Per Wikipedia – on Saturday nights from 1996 to 2002, 104 KRBE aired “The Beat” – one of the most progressive dance music programs on U.S. radio – live-to-air from The Roxy, which was of the premier nightclubs in Houston. This is a sample of the program from June 13, 1998 (recorded 18 years ago tonight).
Per Wikipedia – on Saturday nights from 1996 to 2002, 104 KRBE aired “The Beat” – one of the most progressive dance music programs on U.S. radio – live-to-air from The Roxy, which was one of the premier nightclubs in Houston. This is a sample of the program from June 27, 1998 (recorded 17 years ago tonight).
During a significant portion of the 1990′s, Chicago’s B96 offered a Dance music-heavy format focused on currents — making it one of the very few major market, full signal commercial stations in the U.S. to find success with that formula. By the end of the decade, the station began taking a more conventional approach to its regular format, focusing on hip-hop and R&B hits. However, B96 still aired significant amounts of Dance during its mixshows. This is a sample of the rather unique Sunday evening “Street Flava” program, which featured regular programming interspersed with Dance mixes from multiple genres, hosted by guest DJs.
According to Wikipedia, the WFAT call letters lasted a decade and a half on 96.5 FM in Kalamazoo, yet represented a wide variety of formats. This montage (recorded 17 years ago today) is a sample of the station’s brief attempt at a format that appeared to be a hybrid between Mainstream CHR and Hot AC.
WSNX was one of the standout CHRs of the mid/late 90′s. It offered an upbeat, recurrent-friendly music mix accompanied by outstanding jingles & sweepers, voiced by the late and great Brian James. Very impressive for a medium-sized market. This aircheck was recorded 17 years ago today.
Miami’s Power 96 is one of America’s heritage Rhythmic CHRs. It has always offered an approach custom-tailored to its unique market – a rarity in an increasingly homogenized and corporate-dominated radio environment. This aircheck of the station was recorded 15 years ago this month.
WBPM (B94) in New York’s Hudson Valley is one of the most unique stations I’ve ever heard. Musically, it offered an unfocused Rhythmic CHR format that featured many not-so-mainstream Dance selections. Production-wise, it used dated jingles and sweepers — presumably from the station’s glory days in the 1980’s — voiced by the legendary Charlie Van Dyke.
This is the first version of “Chicago’s 100.3”, recorded about 3 months before a format/name change to AC as “Windy 100”. However, the presentation on this aircheck made it sound like the transition was going to occur much sooner. The station adopted the “Chicago’s 100.3” name again a decade later, with another variation of the Adult Contemporary format. And following another change to “Rewind 100.3” in 2010, “Chicago’s 100.3” returned yet again in December 2013. More details about the history of 100.3 FM can be found on this Wikipedia page.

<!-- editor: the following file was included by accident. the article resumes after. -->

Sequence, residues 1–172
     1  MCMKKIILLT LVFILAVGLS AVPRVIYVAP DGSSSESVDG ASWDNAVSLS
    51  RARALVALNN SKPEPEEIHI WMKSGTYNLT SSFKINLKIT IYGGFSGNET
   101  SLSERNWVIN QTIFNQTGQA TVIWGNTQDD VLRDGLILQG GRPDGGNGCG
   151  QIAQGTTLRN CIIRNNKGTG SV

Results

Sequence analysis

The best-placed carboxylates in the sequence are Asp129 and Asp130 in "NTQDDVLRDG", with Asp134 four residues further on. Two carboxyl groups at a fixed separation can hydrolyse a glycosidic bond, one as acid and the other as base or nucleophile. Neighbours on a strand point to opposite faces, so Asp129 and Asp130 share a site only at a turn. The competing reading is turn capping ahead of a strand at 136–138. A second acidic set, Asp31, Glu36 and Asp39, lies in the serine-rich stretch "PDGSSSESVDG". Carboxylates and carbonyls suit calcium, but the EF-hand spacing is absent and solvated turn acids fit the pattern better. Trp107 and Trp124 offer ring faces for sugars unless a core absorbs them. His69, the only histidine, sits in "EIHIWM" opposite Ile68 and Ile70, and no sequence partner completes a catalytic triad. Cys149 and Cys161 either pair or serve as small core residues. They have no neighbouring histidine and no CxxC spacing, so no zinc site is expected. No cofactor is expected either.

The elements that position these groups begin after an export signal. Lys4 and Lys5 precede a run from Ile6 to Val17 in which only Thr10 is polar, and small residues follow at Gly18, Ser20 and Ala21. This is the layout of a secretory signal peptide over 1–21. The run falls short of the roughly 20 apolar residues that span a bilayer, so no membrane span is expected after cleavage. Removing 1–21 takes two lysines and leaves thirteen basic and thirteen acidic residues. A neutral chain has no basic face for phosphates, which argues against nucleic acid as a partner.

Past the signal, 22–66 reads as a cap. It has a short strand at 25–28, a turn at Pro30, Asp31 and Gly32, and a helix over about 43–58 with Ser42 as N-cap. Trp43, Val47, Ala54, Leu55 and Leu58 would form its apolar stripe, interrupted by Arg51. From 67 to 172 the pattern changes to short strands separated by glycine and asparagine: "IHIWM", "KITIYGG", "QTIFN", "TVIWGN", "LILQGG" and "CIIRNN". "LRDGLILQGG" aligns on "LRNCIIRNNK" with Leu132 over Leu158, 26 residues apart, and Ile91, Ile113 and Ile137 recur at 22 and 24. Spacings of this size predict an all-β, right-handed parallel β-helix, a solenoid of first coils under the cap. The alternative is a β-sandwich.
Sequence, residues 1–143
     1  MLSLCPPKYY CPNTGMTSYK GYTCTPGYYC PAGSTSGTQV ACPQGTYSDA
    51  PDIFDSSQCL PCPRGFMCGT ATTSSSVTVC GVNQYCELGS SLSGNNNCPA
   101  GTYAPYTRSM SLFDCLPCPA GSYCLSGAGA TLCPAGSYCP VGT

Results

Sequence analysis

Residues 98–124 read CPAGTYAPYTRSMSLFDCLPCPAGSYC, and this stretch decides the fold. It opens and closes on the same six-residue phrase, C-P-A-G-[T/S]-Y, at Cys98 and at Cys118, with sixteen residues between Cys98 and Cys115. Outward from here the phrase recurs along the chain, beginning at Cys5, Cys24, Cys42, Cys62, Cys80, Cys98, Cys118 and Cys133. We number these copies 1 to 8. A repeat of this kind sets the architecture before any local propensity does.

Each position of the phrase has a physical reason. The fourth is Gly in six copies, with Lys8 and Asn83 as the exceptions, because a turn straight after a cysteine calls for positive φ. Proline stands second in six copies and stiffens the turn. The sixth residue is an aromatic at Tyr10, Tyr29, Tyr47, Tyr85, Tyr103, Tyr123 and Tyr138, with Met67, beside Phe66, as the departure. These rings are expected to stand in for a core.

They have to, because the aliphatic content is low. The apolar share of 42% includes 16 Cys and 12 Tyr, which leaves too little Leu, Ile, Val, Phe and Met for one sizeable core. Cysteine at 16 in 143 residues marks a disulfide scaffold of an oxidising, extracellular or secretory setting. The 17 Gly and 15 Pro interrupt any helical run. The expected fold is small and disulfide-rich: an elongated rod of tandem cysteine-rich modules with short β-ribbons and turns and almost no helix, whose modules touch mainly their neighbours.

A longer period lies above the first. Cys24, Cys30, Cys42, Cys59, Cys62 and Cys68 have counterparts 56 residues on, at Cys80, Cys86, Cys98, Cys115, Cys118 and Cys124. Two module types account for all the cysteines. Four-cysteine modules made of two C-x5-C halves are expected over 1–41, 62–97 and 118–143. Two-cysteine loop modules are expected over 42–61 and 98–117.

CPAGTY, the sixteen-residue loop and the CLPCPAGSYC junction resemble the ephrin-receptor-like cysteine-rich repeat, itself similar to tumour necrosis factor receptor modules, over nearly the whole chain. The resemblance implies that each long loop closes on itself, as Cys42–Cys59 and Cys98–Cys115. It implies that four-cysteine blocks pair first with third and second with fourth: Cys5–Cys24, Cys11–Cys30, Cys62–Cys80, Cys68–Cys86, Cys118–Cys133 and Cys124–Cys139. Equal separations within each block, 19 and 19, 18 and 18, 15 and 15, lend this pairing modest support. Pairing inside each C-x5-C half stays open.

Following the “worst-to-first” success of New York’s WKTU in 1996, a number of stations around the U.S. attempted similar formats (essentially Rhythmic AC) in their markets. B100 was one example – but the station never came close to achieving KTU-like numbers. It debuted in the Fall of 1996, emphasizing 70′s and 80′s Dance/R&B selections and positioning itself with the slogan “LA’s Hot FM.” Several months later, Viacom sold the station to Chancellor (which became AMFM). During the Spring of 1997, Chancellor tried to improve the station by making it more current-intensive, but the end result was a rather unfocused format. The station’s slogan became “The Rhythm of L.A.” (and eventually, as heard on this aircheck, “The New Rhythm of Southern California”). H...
During the early to mid 1990’s, a handful of radio stations in the United States – such as 101.5 Channel X – adopted an MTV-like approach. Specifically, they blended together modern rock and urban hits — and not just the most mainstream selection from each genre. To maintain some balance, Channel X also incorporated selections that are best described as “pure pop”. However, according to this message board posting, WHJX did not stick with this approach for very long; after about 4 months, it returned to an Urban format. This aircheck was recorded 19 years ago today.
Fresh 106 was one of the earliest Internet-only streamers. Its high-energy presentation, voiced by the legendary Mitch Craig, its use of the fictional WFSH call letters, the presence of mainstream commercials and the availability of FM-quality streams made it sound very much like a traditional radio station. Reviewing the “FAQ” section of the defunct Fresh 106 Website via archive.org: Fresh 106 targeted the New York City market, but was apparently based in San Francisco. Musically, the station seemed to position itself between hip-hop/R&B-dominated Hot 97 (WQHT) and recurrent/classic dance-heavy 103.5 WKTU, taking many potshots at the latter. Fresh 106 debuted on 3/21/97. Functioning archived versions of the Fresh 106 website are available through 5/31/02, implying that it ...